Many comics ask me what they should do if they do not have friends. Frankly, I am skeptical of anyone who claims not to know a single person who wants to see them perform, but if you are in this group, you still have hope! Get your stagetime in “non-traditional” venues. When I started out I did shows in sushi restaurants, pizza parlors, every bar in New York that had a back room, and quite a few that didn’t. Most of these shows were disastrous but believe me if you can kill at McMickerson’s Pub while the foreigners watch a soccer game, you will tear the roof off the Broadway. Again it all comes down to stagetime and finding ways to get it.

5. Write write write.
Comedians are writers. When you finally get up onstage, you should not be at a loss for words. Rework the old stuff, try to come up with new stuff. Never stop writing!

6. Produce your own show!
One of the best ways to get onstage early in your career is to put your own show together. You can learn to MC, you can begin to network with your peers, you might even create the next “hot new comedy room” in New York. Best of all, you will have the flexibility to do what you want for as long as you want onstage. But even then, if nobody comes to see you I doubt your neighborhood bar will keep Jeffy’s Comedy Night going for long. As I said, we are all bringers and always will be.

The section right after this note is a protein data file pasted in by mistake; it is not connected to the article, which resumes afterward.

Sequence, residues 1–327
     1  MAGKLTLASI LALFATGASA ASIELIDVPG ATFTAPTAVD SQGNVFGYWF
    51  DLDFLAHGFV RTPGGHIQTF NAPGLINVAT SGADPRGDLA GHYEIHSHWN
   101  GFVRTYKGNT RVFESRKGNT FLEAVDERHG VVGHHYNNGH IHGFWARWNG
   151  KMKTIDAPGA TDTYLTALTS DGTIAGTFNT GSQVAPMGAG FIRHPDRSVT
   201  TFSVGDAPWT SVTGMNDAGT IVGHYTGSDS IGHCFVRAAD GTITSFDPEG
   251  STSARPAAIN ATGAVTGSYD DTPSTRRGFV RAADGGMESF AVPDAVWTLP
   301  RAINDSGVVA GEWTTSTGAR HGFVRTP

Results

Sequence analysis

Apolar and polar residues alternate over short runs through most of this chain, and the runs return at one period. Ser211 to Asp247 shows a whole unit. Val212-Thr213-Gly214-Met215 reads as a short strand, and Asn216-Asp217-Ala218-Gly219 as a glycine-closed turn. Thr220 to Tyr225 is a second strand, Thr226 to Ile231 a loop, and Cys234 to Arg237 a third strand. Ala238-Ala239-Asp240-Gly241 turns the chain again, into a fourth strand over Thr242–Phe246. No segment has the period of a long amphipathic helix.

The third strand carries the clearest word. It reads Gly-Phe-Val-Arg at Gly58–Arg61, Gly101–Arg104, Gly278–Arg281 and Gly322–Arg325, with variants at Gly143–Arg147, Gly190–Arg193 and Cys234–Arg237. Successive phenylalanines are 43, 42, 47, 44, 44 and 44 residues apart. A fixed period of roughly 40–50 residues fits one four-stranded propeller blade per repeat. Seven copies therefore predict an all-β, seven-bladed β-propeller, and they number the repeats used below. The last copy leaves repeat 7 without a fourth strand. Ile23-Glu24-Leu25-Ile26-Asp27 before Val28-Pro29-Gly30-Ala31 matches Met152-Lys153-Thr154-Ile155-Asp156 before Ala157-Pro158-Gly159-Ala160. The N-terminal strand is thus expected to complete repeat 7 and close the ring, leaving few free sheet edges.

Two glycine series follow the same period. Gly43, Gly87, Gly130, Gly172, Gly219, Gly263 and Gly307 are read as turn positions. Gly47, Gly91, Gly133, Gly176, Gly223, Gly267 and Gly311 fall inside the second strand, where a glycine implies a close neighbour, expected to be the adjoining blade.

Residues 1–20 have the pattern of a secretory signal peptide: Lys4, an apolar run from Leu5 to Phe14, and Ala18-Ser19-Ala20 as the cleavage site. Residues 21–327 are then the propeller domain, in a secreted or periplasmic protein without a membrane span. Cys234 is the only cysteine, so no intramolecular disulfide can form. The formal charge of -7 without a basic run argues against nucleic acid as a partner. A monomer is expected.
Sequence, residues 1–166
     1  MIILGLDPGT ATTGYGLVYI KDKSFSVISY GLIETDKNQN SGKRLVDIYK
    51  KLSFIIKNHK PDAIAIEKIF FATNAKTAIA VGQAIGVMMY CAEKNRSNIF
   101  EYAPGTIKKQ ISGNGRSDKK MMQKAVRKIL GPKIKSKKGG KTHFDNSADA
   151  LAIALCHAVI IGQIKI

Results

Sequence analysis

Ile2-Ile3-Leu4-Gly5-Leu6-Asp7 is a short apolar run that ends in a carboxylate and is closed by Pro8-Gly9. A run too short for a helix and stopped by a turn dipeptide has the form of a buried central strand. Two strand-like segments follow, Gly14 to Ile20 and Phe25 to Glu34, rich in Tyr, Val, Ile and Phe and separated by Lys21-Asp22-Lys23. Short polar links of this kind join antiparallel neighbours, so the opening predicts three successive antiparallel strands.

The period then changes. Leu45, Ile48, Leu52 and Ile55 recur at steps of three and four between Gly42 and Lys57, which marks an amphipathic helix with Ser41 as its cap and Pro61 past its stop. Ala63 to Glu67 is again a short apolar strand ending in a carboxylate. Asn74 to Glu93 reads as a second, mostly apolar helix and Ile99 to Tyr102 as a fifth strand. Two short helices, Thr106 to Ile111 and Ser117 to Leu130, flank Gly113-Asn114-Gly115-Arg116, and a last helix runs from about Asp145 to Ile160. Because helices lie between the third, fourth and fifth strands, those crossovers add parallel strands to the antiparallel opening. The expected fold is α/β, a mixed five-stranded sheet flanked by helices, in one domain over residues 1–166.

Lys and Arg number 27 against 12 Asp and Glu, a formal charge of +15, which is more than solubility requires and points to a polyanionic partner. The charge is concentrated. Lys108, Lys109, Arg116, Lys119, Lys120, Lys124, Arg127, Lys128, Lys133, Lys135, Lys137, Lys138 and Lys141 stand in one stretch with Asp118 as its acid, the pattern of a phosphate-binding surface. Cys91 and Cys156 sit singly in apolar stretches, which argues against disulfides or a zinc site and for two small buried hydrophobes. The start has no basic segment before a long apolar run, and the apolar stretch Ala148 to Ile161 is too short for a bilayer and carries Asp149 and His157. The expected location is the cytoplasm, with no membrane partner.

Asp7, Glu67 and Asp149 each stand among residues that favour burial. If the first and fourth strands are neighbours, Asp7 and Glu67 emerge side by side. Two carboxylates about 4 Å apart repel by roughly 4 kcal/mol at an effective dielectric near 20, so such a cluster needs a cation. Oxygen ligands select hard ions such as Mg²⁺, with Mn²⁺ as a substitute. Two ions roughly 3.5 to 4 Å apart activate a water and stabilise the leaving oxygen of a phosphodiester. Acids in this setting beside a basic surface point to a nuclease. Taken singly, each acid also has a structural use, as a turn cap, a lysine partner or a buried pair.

7. Be polite.
There are so many comics who seem to have never been taught manners. How many times haveI been dealing with a paying customer only to have a comic interrupt me: “What’s the lineup?” And howfew times have I actually been thanked for helping a new comic get an opportunity? Politeness is in shortsupply these days, so even a simple gesture of mutual humanity can go a long way.

In closing, I want you all to know that I am here for you and I am rooting for you. So build your act, find your persona, build your fan base, and we can all conquer New York City together someday soon!

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Ten Steps to Become a Great Emcee (Host)

Fewer and fewer comedians want to emcee anymore but emceeing skills train you to become very funny on your feet, handle hecklers and sound more conversational. All skills you’ll need before you can headline. With that in mind, here’s some MCing tips based on my personal experience and numerous conversations with other professional comedians.

  1. Come in with super high energy. You want to get the audience’s energy as high as possible.
  2. Start by saying “Hi everyone, we have a great show for you tonight.” Make sure you’re smiling and that you sound genuine.
  3. Get the audience to clap again with something like “Clap it up for yourselves” or  “Who’s happy it’s a Friday night?”Unless you get an amazing response, say “You can do better, let’s try that again.” It (subconsciously) communicates to the audience that you’re in total control.